7 of the top ten snakes; a jellyfish the size of a matchbox that can kill you in 10 minutes; birds taller than a man that will disembowel you; kangaroos that cam outrun cars and kick you to death; rockfish and octipii that are the deadliest in the world; the largest crocodiles in the world who actively hunt Humans, along with the razorbacks (wild pigs); wild camels who try and eat you, along with the horses and goats; sharks that lurk along the beaches waiting for those tasty crunchy Humans to go swimming.

Really, the only non-lethal animals in Oz are some of the sheep. Almost everything else is happy to try and have you for lunch.

Actually, it does annoy me how Australia is marketed overseas. They show beautiful beaches and nature scenes, and people get the idea that you can just walk into the water anywhere and start swimming, or that a walk in the bush is a walk in the park. All the locals know to swim between the flags, to be noisy to scare off snakes, what to do in the case of a spider bite, and how to avoid blue ring octopuses. A tremendous number of tourists don't and suffer the consequences. I feel the tourism ads they cook up are dangerously misleading. It's not the straight-forward eden they protray.

I don't know, I think you could say that about any country really. When people travel OS it makes sense to do a little bit of homework. Also given the way some Aussies (I'm looking at you, Fliss  ;)) like to massively exaggerate the dangers I actually have met more tourists filled with unreasonable fears than I have met unwise ones.
Title: Re: Homework help, Australian culture
Post by: sarahj21 on April 25, 2013, 05:38:20 AM
Not having read the middle pages of this thread I'm gonna keep this short. :)

For information on travelling through the outback, there is a wonderful DVD series called Russell Coight's All Aussie Adventures. It's actually a comedy series and the advice is good but things tend to go wrong for poor Russell. The actor who plays Russell is Glenn Robbins and he's hilarious. He lives in my neighbourhood and I've told him I tell foreigners to watch his DVDs. :D Type "Russell Coight" into Youtube and I promise you will laugh and also learn something about the outback.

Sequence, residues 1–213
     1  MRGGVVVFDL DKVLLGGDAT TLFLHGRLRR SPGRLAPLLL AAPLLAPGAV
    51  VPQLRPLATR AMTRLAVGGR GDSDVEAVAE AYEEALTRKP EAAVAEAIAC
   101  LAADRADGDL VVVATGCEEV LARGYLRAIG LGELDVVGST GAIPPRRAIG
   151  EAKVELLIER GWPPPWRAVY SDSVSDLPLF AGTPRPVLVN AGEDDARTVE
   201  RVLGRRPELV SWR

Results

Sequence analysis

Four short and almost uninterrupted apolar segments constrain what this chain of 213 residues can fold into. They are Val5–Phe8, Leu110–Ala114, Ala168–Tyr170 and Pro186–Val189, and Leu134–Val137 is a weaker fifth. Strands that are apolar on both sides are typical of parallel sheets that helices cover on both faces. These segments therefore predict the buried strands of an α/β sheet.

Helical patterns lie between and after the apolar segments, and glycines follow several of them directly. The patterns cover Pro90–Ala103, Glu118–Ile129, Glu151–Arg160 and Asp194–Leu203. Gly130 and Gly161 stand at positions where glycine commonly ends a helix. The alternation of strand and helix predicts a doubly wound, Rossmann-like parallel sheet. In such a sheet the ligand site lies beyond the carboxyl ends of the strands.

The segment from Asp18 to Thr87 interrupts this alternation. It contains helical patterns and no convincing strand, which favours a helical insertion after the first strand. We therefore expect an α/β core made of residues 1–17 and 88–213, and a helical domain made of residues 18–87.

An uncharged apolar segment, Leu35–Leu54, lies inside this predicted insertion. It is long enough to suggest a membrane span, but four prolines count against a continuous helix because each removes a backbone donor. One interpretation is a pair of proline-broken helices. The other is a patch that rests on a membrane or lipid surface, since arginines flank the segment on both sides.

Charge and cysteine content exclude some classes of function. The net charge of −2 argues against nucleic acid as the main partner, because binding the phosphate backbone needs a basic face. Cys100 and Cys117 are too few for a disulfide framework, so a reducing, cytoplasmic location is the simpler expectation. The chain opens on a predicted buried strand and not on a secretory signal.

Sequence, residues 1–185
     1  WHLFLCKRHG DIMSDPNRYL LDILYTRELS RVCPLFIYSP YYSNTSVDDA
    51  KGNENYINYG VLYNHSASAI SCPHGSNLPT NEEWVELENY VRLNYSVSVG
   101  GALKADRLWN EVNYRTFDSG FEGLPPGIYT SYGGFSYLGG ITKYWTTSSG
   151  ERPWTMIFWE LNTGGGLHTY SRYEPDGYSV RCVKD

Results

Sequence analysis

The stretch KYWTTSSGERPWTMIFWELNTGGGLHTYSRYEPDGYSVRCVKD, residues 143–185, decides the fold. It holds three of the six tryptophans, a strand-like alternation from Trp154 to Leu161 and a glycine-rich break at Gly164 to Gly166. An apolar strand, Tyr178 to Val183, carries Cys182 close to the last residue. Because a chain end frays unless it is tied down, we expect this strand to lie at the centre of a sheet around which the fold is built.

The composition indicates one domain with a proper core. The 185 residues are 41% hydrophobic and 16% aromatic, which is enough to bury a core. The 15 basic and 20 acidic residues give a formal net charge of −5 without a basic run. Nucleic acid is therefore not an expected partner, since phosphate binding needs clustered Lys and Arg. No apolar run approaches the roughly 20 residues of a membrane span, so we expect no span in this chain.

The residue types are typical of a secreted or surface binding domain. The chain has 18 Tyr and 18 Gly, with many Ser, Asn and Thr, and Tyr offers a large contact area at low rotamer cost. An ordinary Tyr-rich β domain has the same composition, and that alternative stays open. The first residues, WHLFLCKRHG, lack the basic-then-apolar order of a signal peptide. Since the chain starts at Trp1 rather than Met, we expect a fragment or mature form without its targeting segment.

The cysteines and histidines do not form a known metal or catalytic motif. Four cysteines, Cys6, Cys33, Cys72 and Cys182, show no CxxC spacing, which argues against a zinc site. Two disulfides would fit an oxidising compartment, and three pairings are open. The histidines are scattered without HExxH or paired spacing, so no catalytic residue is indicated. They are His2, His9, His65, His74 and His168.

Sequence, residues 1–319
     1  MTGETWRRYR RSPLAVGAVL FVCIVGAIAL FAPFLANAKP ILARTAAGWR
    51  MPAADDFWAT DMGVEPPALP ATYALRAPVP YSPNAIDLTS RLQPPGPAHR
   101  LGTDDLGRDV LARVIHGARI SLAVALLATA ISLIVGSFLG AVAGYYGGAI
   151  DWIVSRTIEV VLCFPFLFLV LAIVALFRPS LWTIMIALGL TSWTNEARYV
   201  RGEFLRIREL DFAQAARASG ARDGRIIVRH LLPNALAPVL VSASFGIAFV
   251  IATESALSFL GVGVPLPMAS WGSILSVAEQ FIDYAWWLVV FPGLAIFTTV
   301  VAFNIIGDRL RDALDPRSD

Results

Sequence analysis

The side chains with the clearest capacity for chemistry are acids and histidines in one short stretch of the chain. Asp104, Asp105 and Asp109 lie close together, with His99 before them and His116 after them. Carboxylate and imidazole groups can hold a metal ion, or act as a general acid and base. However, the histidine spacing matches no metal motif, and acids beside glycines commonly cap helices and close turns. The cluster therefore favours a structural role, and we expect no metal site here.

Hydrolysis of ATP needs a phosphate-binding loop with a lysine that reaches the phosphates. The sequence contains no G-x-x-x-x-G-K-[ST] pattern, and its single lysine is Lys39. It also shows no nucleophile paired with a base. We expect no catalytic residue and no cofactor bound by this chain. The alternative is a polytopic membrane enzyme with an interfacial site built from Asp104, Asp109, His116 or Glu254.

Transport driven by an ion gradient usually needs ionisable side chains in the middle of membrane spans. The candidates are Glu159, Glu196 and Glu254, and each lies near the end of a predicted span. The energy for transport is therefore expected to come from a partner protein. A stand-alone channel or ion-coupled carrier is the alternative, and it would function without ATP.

Title: Re: Homework help, Australian culture
Post by: katycoo on April 25, 2013, 06:36:17 AM

No-one has mentioned that Oz is also one of the most dangerous countries in terms of the widlife.

7 of the top ten snakes; a jellyfish the size of a matchbox that can kill you in 10 minutes; birds taller than a man that will disembowel you; kangaroos that cam outrun cars and kick you to death; rockfish and octipii that are the deadliest in the world; the largest crocodiles in the world who actively hunt Humans, along with the razorbacks (wild pigs); wild camels who try and eat you, along with the horses and goats; sharks that lurk along the beaches waiting for those tasty crunchy Humans to go swimming.

Really, the only non-lethal animals in Oz are some of the sheep. Almost everything else is happy to try and have you for lunch.

Actually, it does annoy me how Australia is marketed overseas. They show beautiful beaches and nature scenes, and people get the idea that you can just walk into the water anywhere and start swimming, or that a walk in the bush is a walk in the park. All the locals know to swim between the flags, to be noisy to scare off snakes, what to do in the case of a spider bite, and how to avoid blue ring octopuses. A tremendous number of tourists don't and suffer the consequences. I feel the tourism ads they cook up are dangerously misleading. It's not the straight-forward eden they protray.

I don't know, I think you could say that about any country really. When people travel OS it makes sense to do a little bit of homework. Also given the way some Aussies (I'm looking at you, Fliss  ;)) like to massively exaggerate the dangers I actually have met more tourists filled with unreasonable fears than I have met unwise ones.

No, I'd have no idea was to do with a spider bite or how to avoid a blue ringed octopus.
Title: Re: Homework help, Australian culture
Post by: Carotte on April 25, 2013, 06:48:16 AM
Really, the only non-lethal animals in Oz are some of the sheep. Almost everything else is happy to try and have you for lunch.

Even that I have my doubt since I saw a movie about zombie sheeps :).

I'm not sure I saw it mentioned, but isn't there some place up high that also gets snow?
I have a vague recollection of the lady who presented the Camberra university (to my school in France) mentioning it. She also said that yes, they did get kangaroos on the campus sometimes :).
Title: Re: Homework help, Australian culture
Post by: Pen^2 on April 25, 2013, 07:02:13 AM
Really, the only non-lethal animals in Oz are some of the sheep. Almost everything else is happy to try and have you for lunch.

Even that I have my doubt since I saw a movie about zombie sheeps :).

I'm not sure I saw it mentioned, but isn't there some place up high that also gets snow?
I have a vague recollection of the lady who presented the Camberra university (to my school in France) mentioning it. She also said that yes, they did get kangaroos on the campus sometimes :).